Crate Trend

Crate Trend

Another homeowner who chose the DIY route is Ana White who happens to have a hammer on her hip for this tutorial. I love her crates that she has handmade shown above. Great work! Learn more here.

Crate Trend

Bailey’s Home & Garden and The Selby

Crate Trend

Three Potato Four shop

Crate Trend

Images above are from an unknown source but if you are clever and know their origin please tell me so I can give them link love. :) Looking for vintage crates? Take your pick here on eBay!

Zakkamate on Etsy has them too.

Ironically, I couldn’t find one single wood crate at Crate & Barrel. Did you follow Will & Grace when it was hot? I loved that show, Grace Adler was my idol at the time! I wanted to BE her, red hair and all. :) Anyway, Will said in one episode, “Do people not know how long it takes to pickle something? I had to buy a barrel, for God’s sake. Those aren’t easy to find. You’d think they’d sell them at Crate & Barrel. But, guess what? They don’t. They don’t sell crates, either. Hey, next time, save me the trip and name your store Ottomans & Wicker Crap!”

What do you think of crates? Do you have them in your home? Do you want them in your home? Love? Hate? Somewhere in between?

(images linked to their sources above)

Posted in trends on December 09, 2010

Danish Decorating Trends

Lots of people ask me now that I live in northern Europe what I consider in style here in the world of interiors. It’s hard to point to a few looks and say this or that is the norm just as it is impossible to pinpoint true American style these days. Fact is, Europe is a big place with tons of cultures and influence making each country quite unique but on the flip side, Europe is much more diversified than ever before (a topic that some are uncomfortable discussing and for good reason, the fear of homogenization). I think that fear is something most of us who grew up in 1980s America where we watched borders slowly fade can relate to… Exciting at first, but today many of us long for the days when travel from one state to the next was exciting — it meant being exposed to all new stores and restaurants, even chain stores were different, and that was pretty darn cool when I was a kid.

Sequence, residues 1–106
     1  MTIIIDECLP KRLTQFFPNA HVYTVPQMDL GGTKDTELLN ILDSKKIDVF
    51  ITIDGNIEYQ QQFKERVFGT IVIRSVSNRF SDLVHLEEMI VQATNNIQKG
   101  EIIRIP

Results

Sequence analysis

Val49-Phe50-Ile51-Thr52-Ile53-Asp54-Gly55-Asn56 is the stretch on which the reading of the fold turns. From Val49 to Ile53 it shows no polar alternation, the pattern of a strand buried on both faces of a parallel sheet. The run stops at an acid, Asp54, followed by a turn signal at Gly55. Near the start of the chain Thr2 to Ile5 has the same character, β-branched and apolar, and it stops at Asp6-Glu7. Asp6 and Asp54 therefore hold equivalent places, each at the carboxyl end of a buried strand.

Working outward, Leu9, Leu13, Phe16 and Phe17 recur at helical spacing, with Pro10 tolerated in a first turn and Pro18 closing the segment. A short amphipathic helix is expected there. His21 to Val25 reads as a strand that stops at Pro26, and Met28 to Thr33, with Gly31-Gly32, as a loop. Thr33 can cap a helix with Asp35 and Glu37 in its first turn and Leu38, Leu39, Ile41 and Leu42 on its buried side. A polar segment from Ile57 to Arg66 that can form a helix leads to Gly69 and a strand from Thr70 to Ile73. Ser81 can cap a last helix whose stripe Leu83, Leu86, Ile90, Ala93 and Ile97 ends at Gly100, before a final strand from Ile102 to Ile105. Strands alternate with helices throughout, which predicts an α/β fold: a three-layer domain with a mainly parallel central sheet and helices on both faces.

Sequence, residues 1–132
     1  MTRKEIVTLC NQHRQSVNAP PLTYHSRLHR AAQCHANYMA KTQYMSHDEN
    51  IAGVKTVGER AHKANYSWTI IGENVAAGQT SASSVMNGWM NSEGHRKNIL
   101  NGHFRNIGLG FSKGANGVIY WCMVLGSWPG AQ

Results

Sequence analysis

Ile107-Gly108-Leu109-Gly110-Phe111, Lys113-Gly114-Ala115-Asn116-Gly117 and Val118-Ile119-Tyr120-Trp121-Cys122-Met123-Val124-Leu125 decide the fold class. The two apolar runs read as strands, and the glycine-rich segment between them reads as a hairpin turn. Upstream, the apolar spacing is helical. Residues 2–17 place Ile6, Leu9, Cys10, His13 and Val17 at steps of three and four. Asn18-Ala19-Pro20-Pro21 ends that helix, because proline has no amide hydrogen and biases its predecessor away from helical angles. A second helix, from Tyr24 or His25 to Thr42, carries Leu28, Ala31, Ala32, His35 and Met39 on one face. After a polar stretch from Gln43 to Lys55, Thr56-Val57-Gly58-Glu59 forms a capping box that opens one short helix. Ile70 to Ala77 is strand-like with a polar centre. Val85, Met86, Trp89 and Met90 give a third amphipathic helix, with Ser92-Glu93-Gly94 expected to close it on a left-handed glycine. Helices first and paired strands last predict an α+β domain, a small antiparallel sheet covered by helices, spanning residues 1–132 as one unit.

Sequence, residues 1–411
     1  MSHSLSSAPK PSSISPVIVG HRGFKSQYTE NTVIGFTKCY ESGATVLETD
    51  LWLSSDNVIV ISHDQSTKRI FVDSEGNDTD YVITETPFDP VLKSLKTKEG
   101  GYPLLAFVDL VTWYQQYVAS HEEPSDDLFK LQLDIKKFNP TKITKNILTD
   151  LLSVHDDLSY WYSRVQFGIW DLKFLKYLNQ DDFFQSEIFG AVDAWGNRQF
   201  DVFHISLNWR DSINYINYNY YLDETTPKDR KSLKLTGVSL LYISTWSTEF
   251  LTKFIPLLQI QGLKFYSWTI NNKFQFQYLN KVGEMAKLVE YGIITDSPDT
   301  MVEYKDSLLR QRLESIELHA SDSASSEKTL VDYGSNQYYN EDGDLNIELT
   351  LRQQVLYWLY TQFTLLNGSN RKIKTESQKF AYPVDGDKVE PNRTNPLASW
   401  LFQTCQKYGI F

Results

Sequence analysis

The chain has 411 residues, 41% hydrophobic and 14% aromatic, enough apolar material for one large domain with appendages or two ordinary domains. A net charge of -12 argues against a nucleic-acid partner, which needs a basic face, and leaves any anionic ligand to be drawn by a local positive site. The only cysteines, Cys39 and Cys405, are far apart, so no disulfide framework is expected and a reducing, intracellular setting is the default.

Danish Style

I guess that is why so many of us cling to handmade and flock to small shops even if it means paying more — and why we support local restaurants — we are trying to hold on to that feeling of uniqueness that we remember from our childhood. My observation entirely  but what do YOU think?

Danish Style

Truth is, those living outside of Europe have long admired it for maintaining its uniqueness, from country to country… and that it maintains a special old world charm. However, as you watch the Travel Channel and see show hosts wander from city to city, you can’t help but notice recurring store signage. Borders here are fading in some ways too. I think the difference though is that countries are not so quick to allow products in from other countries unless their is a real demand or interest but also because you are dealing with different governments and languages, it just takes longer to negotiate deals and import/export goods. It’s not as easy to set up shop in another country.

Also, new brands from “outside” are not so easily adopted with a smile. And yet it is exciting to see the good stuff leak over the borders to Germany, I can’t deny this, especially since Germany doesn’t have a strong identifiable “style” post WWII like the Danes, French or the Italians maintained throughout the years. Oh yes, once they did, in fact their design and art movements spawned many other movements worldwide, just look at the Bauhaus and it’s influence. However, since the second world war, function trumped beauty in many respects because so much was destroyed here and people were forced to build quickly to recover part of their life that was lost. But lately the tide is changing and younger Germans are starting to move and shake things. Functional products are looking really good to me and the overall future of German design (interiors, handmade arts & crafts, decorating) feels bright once more. Outside influence is definitely helping, as I see more and more Danish design here (and some Dutch) which excites me as these are two of my favorite places when it comes to design that I personally relate to.

Danish Style